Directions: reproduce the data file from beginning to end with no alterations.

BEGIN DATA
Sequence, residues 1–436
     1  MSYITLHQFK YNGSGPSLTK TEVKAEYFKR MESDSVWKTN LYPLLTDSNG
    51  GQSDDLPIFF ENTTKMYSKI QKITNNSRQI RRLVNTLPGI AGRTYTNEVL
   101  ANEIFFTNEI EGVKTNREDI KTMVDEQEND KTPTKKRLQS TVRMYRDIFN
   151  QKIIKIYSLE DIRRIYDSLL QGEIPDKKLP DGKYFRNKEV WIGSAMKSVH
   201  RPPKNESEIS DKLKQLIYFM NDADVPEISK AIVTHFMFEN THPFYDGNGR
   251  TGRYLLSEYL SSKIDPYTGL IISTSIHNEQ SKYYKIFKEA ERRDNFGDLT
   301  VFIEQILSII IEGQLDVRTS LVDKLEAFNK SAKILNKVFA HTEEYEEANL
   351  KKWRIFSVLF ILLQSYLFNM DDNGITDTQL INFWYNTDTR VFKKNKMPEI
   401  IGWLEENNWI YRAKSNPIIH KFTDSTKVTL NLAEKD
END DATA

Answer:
Sequence, residues 1–436
     1  MSYITLHQFK YNGSGPSLTK TEVKAEYFKR MESDSVWKTN LYPLLTDSNG
    51  GQSDDLPIFF ENTTKMYSKI QKITNNSRQI RRLVNTLPGI AGRTYTNEVL
   101  ANEIFFTNEI EGVKTNREDI KTMVDEQEND KTPTKKRLQS TVRMYRDIFN
   151  QKIIKIYSLE DIRRIYDSLL QGEIPDKKLP DGKYFRNKEV WIGSAMKSVH
   201  RPPKNESEIS DKLKQLIYFM NDADVPEISK AIVTHFMFEN THPFYDGNGR
   251  TGRYLLSEYL SSKIDPYTGL IISTSIHNEQ SKYYKIFKEA ERRDNFGDLT
   301  VFIEQILSII IEGQLDVRTS LVDKLEAFNK SAKILNKVFA HTEEYEEANL
   351  KKWRIFSVLF ILLQSYLFNM DDNGITDTQL INFWYNTDTR VFKKNKMPEI
   401  IGWLEENNWI YRAKSNPIIH KFTDSTKVTL NLAEKD